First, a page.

AnswerID: 68040

Reply By: CruiserHead - Friday, Jul 16, 2004 at 21:15

Friday, Jul 16, 2004 at 21:15
well, the roof rack it not an option for me, and neither is the gutter. it is also much easier to mount on the bullbar, wiring and all. so in this case, do I go for one that is long, to reach up as high as possible? in which case it would be a fibreglass rod? I think I will go with a 6db, seems like a good distance/terrain compromise.

thanks all for your help, I'll shop around. anyone know of a good online shop?

AnswerID: 68099

Follow Up By: Mad Dog (Victoria) - Friday, Jul 16, 2004 at 22:18

Friday, Jul 16, 2004 at 22:18
Yep, if you must mount it on the bullbar go for a bit of height, 6db ground independant elevated feed.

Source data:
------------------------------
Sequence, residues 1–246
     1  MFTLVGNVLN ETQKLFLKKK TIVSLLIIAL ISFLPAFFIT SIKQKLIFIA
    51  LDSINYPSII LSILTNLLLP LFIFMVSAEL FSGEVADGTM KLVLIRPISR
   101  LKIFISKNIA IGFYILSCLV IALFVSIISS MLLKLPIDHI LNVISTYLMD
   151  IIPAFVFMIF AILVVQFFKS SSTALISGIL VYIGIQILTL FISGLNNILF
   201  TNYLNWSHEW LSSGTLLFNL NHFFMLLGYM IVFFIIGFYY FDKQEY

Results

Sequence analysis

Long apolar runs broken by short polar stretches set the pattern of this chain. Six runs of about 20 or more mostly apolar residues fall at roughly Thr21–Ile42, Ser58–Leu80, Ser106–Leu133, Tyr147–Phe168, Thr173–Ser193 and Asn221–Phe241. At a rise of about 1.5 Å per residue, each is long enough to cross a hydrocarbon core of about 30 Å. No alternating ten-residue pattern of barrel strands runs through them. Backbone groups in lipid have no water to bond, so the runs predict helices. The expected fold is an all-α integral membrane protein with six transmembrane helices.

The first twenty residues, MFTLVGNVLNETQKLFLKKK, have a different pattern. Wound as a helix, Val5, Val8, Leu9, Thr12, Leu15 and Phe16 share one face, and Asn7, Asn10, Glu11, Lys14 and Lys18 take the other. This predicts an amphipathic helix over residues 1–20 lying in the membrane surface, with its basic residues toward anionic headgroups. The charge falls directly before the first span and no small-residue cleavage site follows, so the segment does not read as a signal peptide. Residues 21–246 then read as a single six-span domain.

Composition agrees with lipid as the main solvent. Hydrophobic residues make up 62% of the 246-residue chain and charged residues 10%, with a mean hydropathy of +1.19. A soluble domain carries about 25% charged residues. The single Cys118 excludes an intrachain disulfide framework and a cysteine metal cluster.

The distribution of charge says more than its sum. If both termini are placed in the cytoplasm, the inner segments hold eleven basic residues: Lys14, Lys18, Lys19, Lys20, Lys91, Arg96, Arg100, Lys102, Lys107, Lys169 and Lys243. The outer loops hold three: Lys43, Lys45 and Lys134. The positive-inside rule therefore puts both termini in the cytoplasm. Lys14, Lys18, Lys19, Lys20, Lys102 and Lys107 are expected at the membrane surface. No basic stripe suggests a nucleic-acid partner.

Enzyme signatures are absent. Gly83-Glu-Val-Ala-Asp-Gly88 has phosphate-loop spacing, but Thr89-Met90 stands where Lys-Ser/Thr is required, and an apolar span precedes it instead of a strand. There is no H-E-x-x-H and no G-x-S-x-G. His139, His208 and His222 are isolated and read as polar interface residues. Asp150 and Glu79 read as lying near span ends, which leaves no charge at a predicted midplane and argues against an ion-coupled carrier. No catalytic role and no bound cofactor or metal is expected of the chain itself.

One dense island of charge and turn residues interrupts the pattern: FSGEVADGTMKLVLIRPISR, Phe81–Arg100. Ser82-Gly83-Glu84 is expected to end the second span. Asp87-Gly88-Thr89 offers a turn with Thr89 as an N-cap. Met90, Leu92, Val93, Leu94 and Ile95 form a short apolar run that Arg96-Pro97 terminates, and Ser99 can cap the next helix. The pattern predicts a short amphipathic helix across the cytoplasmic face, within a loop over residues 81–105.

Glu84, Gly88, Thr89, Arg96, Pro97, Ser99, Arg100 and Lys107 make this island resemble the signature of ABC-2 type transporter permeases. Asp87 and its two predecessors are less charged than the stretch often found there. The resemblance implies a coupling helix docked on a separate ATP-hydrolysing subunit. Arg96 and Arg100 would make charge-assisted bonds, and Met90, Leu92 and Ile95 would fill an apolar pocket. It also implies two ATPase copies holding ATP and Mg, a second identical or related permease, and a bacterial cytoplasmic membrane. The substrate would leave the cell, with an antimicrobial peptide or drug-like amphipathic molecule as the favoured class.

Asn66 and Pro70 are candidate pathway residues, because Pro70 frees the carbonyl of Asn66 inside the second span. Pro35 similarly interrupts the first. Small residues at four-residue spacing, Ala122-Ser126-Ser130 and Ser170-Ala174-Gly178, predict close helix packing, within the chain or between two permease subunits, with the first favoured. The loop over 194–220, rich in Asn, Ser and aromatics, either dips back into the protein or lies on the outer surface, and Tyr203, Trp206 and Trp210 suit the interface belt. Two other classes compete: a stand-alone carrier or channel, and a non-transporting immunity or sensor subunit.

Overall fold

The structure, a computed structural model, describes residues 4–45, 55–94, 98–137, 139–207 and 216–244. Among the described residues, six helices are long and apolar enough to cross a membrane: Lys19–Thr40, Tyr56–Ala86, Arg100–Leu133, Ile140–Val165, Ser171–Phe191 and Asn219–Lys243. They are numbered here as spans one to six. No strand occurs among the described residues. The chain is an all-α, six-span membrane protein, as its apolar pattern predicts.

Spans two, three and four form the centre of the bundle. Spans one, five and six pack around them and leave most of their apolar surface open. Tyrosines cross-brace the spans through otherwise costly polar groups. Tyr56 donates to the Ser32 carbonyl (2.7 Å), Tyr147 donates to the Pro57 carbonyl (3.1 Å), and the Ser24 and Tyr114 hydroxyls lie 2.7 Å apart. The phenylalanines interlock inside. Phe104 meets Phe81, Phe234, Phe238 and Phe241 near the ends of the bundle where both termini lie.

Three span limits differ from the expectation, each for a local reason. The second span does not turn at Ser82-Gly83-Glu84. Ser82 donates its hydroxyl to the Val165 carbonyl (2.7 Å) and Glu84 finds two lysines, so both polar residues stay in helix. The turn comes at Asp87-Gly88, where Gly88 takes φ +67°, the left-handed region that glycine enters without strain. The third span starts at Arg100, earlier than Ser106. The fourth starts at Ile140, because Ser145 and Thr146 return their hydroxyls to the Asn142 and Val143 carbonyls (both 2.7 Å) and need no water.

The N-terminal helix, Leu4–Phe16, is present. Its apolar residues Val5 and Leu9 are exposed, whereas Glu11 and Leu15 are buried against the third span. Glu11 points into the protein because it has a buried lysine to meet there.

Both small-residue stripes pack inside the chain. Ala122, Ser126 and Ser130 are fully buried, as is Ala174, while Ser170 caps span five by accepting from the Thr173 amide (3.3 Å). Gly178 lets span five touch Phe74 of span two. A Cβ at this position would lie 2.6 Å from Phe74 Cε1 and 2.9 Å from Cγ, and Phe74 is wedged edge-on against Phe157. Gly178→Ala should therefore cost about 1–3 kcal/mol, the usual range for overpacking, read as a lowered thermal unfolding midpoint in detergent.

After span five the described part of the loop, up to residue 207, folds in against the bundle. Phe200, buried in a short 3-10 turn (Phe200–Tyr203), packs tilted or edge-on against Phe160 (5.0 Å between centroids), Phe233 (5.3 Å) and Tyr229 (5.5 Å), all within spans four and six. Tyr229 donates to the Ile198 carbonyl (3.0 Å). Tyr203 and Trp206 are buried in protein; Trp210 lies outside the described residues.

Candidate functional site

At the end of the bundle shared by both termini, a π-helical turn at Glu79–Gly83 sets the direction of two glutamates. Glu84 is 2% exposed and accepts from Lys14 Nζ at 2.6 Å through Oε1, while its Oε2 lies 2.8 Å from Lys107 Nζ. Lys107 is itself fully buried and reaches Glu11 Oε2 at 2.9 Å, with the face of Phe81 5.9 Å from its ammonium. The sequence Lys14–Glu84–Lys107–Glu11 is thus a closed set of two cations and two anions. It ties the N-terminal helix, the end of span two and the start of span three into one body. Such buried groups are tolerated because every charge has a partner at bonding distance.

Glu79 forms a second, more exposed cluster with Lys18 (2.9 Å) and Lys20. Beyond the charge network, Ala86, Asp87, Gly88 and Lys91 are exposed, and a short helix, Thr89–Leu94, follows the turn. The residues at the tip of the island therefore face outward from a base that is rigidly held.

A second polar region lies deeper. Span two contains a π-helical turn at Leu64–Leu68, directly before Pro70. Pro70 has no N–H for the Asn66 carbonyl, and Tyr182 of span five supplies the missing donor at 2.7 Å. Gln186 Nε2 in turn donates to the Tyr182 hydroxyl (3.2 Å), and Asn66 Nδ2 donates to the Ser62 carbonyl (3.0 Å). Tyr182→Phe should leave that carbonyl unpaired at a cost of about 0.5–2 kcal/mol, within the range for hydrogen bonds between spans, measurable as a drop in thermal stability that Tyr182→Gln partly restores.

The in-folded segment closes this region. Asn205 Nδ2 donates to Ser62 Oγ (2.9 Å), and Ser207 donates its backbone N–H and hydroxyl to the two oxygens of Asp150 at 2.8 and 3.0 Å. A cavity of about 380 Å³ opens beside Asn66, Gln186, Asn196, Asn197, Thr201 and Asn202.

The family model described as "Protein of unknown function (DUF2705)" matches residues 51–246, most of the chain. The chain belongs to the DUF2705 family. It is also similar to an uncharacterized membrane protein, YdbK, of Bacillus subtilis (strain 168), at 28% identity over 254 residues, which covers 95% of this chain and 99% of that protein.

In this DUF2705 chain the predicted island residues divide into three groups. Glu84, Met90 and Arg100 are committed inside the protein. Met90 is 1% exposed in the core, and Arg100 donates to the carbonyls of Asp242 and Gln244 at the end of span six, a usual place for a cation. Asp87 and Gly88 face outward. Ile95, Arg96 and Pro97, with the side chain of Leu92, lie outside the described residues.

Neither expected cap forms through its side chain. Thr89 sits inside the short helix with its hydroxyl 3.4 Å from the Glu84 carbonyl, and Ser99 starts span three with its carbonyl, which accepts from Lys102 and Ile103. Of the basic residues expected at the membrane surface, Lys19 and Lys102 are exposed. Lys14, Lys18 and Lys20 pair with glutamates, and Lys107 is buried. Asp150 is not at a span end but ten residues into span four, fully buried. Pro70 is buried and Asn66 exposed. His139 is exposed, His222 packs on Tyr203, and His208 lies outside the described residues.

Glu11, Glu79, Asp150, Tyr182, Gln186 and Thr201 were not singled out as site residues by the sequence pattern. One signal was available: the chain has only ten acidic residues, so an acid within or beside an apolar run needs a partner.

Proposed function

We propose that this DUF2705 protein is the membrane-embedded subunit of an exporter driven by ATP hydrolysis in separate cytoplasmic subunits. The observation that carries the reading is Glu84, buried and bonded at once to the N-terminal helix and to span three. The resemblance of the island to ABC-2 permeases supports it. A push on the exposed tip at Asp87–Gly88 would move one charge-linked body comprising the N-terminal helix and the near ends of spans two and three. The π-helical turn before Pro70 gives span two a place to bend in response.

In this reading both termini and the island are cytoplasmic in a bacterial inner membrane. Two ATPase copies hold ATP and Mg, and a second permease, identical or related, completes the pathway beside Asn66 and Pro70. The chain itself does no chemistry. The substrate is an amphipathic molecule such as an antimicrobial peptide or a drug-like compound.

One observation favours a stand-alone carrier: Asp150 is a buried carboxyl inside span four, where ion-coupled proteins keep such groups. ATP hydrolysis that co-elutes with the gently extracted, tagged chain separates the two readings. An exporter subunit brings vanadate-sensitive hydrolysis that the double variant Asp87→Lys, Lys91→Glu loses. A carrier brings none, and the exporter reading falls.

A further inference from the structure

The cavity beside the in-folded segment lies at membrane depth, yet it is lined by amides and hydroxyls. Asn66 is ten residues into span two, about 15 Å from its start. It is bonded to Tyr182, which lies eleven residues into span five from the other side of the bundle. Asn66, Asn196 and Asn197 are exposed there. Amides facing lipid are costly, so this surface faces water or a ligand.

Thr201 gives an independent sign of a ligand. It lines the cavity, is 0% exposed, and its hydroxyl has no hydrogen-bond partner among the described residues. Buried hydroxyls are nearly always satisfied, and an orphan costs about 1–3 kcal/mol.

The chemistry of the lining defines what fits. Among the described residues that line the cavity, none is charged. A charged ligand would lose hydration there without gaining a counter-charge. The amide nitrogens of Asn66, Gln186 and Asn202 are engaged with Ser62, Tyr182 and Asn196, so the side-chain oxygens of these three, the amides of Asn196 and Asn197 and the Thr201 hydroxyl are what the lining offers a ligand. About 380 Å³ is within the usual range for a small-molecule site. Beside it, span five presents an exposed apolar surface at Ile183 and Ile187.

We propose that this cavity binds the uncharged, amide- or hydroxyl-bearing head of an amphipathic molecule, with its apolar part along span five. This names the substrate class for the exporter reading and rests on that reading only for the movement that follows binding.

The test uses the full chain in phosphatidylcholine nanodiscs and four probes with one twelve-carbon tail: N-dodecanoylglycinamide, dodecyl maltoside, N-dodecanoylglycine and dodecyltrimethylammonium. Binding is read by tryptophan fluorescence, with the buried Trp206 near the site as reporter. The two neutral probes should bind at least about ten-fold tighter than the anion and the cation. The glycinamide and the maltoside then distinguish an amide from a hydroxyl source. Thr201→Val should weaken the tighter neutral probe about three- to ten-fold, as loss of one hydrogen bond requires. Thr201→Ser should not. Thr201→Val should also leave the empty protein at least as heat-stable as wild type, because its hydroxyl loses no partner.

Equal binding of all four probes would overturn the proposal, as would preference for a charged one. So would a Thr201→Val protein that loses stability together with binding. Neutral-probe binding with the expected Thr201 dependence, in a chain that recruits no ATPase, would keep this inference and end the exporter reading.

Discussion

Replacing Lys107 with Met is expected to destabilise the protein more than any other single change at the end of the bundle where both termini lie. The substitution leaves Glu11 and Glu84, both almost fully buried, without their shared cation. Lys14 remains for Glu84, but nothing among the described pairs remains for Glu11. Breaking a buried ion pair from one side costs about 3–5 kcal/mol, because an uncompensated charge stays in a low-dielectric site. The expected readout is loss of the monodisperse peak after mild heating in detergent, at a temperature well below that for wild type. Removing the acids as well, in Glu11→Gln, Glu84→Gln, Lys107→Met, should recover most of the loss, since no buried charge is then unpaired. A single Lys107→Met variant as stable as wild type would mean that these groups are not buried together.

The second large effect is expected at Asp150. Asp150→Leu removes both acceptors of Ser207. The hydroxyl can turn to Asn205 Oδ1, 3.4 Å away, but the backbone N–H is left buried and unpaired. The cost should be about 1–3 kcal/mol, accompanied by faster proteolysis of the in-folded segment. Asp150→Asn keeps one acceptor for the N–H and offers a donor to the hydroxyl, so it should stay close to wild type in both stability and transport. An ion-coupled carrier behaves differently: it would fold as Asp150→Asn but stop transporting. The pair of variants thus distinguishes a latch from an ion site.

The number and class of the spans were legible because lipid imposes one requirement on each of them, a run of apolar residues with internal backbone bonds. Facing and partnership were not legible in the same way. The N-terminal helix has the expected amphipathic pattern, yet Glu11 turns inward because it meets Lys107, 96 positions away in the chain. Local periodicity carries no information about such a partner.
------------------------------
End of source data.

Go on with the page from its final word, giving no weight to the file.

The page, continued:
FollowupID: 328761

Reply By: Bob Y. - Qld - Saturday, Jul 17, 2004 at 08:15

Saturday, Jul 17, 2004 at 08:15

Can't beat the 6dB POLAR for performance, price and size. The GME 4018 should be as good, though "they" say it is only 4.5dB. Both are extended gain, and could be mounted on either bullbar, gutter mount or roof rack.

Have had the GME 4705 & 4706 mentioned above, and while the concept is very practical, the longevity of the whips is hopeless. Both whips have gone out of tune, so have a GME 409 screwed on the base at present. They don't last either, on corrugated roads, though the performance is adequate.

We use a 6dB whip on work vehicles, sold by Access Electronics in Rockhampton. Performance is excellent, but would be too big for town use. There'd be broken flouro tubes in every servo you visited.